Container Gardening Part 1 — Containers

By Lori Murray, Cameron county Master Gardener

NOTE: This is the first of a series of three articles about container gardening. Part One deals with the containers themselves. Part Two discusses plant combinations. Part Three describes planting the container itself. They will run consecutively.

Gardening in containers provides gardeners with incredible flexibility.

Whether you’re a person who truly wants a garden but has very little time and/or space or one who is physically handicapped, containers provide a wonderful opportunity. Containers can be anything from a four inch pot to a six foot bed on legs. They’re easily adapted to today’s lifestyles. They can be moved from one spot to another or even one home to another.

Instead of spending hours tilling a garden, you need only to fill a container with potting soil and plant your favorite flowers, vegetables, herbs, vines, or even trees and shrubs. Watering is simple and efficient, and the rewards are boundless. Large containers stand out near an entry or along a path or driveway and are suitable for seasonable plants like chrysanthemum or impatients in the fall or periwinkles (Vinca Cora) in the summer, or even Foxtail Fern year-round. Small containers work well on a patio, a tabletop,or even a windowsill. They can hold herbs, bulbs, and even plants like tulips, narcissus, or daffodils that you have forced for your own personal enjoyment.


Containers come in all kinds of materials. Glazed ceramic pots are colorful and durable and will retain moisture because they’re glazed. They can also crack in cold weather and lose their luster in time. Cast stone containers hold moisture also. They’re strong and heavy. They won’t tip over in high winds but they cannot be easily rearranged. They’re best used as stationary focal points.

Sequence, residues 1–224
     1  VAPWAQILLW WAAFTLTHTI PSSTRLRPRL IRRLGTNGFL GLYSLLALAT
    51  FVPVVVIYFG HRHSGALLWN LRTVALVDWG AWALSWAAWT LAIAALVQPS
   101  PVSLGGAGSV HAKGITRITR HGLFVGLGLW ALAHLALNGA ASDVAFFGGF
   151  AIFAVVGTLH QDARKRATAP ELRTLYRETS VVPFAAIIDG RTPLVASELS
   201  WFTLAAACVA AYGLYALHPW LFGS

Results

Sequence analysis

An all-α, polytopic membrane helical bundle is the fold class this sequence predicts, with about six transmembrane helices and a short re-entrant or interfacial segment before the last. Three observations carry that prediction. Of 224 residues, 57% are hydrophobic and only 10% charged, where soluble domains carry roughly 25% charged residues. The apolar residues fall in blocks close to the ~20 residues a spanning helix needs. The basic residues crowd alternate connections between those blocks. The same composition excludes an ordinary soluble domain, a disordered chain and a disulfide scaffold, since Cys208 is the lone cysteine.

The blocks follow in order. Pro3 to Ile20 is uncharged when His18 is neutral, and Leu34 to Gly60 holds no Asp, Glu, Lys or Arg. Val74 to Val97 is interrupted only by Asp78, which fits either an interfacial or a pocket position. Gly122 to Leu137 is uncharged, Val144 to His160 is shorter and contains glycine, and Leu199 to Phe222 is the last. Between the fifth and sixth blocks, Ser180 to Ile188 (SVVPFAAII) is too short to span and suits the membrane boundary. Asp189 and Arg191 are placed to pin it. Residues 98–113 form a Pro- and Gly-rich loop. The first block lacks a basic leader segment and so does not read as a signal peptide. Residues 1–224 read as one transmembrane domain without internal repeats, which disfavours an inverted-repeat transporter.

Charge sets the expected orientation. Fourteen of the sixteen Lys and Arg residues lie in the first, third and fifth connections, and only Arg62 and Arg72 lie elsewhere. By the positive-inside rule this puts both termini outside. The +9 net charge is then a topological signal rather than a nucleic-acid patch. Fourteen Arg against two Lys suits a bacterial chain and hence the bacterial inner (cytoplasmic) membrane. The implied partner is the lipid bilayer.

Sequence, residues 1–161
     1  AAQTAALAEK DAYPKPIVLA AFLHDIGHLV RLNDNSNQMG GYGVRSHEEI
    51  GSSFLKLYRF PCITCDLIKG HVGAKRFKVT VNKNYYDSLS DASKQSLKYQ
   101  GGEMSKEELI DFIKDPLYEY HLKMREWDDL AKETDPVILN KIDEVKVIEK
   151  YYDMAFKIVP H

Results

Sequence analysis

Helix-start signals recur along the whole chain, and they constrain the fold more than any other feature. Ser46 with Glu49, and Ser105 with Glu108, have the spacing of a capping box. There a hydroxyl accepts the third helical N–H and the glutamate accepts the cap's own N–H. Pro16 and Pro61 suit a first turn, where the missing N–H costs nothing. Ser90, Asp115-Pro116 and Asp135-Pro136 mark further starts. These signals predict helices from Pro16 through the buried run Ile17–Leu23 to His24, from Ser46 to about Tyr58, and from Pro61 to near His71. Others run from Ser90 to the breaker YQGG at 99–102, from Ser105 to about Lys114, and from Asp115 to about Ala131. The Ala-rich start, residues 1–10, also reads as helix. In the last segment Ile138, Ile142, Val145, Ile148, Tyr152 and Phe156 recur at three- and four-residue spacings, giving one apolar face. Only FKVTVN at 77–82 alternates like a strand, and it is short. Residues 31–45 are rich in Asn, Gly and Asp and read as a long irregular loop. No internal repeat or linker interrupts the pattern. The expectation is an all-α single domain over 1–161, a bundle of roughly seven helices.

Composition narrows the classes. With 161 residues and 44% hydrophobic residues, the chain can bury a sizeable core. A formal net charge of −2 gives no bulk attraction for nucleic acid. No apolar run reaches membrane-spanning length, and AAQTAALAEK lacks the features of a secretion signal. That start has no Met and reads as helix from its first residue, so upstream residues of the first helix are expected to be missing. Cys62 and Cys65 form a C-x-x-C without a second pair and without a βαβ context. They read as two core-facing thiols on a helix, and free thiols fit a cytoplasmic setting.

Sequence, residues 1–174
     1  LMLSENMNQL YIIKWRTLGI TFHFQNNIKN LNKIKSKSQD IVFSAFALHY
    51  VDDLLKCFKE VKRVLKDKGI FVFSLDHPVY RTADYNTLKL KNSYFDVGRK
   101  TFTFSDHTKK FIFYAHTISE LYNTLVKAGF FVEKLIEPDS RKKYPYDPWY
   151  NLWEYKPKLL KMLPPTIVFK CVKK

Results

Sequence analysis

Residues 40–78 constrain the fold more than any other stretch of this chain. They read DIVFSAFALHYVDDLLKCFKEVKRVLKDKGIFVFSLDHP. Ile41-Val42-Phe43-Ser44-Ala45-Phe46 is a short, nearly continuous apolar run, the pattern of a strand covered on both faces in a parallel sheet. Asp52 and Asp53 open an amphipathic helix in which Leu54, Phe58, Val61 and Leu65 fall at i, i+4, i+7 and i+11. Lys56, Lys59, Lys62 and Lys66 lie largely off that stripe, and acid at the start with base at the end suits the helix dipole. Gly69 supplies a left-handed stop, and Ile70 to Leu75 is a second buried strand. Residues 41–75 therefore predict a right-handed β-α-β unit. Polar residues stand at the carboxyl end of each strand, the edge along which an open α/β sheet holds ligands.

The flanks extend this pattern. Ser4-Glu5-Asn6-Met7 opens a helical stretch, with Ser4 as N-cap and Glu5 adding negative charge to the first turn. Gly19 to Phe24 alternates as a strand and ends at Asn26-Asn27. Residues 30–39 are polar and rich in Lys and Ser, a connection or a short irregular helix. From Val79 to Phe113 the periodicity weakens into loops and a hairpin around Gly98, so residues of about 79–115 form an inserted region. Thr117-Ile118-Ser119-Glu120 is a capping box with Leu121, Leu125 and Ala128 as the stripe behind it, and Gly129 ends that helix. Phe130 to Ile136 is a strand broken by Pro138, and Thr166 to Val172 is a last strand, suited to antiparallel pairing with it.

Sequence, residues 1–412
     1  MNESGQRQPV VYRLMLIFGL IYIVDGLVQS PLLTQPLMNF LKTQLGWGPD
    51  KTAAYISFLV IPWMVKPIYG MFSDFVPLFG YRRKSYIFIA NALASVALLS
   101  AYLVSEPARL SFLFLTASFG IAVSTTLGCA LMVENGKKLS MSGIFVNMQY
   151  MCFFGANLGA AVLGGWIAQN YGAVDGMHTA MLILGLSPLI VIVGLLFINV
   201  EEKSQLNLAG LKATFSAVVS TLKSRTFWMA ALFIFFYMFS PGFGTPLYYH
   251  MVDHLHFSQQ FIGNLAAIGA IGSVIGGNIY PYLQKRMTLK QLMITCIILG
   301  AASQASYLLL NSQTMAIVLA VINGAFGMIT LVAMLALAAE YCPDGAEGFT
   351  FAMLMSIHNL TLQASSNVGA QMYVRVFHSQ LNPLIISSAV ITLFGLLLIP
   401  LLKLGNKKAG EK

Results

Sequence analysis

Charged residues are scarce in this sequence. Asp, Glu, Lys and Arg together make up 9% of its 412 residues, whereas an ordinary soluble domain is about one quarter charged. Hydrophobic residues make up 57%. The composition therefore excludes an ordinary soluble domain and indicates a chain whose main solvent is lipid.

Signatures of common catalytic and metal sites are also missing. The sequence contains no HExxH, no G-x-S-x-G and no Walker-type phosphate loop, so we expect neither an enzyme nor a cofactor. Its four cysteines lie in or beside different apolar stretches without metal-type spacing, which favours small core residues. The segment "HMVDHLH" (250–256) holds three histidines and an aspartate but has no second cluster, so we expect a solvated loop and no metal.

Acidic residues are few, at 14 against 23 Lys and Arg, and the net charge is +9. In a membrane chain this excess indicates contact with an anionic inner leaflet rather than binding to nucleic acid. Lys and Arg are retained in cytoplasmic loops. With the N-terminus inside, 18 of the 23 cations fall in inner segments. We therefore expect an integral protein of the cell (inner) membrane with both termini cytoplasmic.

Plastics are kind to your wallet but could tip over if you’re not careful aboutthe height of what you plant. They dry out sooner than the first two. Metal doesn’t crack but it can get very hot in summer. Unless it’s galvanized, I personally don’t think it’s worth the rust it will develop in our climate.

If you don’t worry about rust, then be sure the metal is thick because its thickness will determine its life expectancy. Terra cotta pots provide a classic look but require diligent care because they’re breakable. The porous clay walls (be sure to soak terra cotta in water before planting in it) can wick moisture away from a plant and require more frequent watering. They will also crack in freezing weather. All pots require end-ofthe- season care. Remove the soil from those you do not plan to continue to use and scrub with a brush dipped in water and baking soda to make them ready for the next time you want to use them.

Clay pots, strawberry jars, redwood tubs, window boxes, whiskey barrels, old wagons and tea carts, galvanized metal found at hardware and farm supply stores or even yard sales can be attractive containers. The only requirements are that the container can hold soil and provide drainage.

Remember to keep metal containers out of much sunlight because they will heat up, and remember that plastic pots will dry out sooner than pots made of heavier materials. Just be sure you haveplenty of water-absorbing crystals added to your potting mix.

Rememberalso that few plants will survive if they sit in water, so be sure your container either already has drainage holes, or that you make them with a drill or by driving large nails into the bottom of non-breakable materials. You can also add a one inch layer of pea gravel or insert a coffee filterto facilitate drainage.

Plastic liners and polyurethane spray can preserve containers (especially baskets). You can use an inverted tomato cage to train, say, a sweet potato vine, and/or add height and interest by inverting a second pot to make a pedestal.

For very large containers, get a platform with casters to facilitate gently moving the pot without ruining your back. You are only limited by imagination in choosing containers for your patio or garden.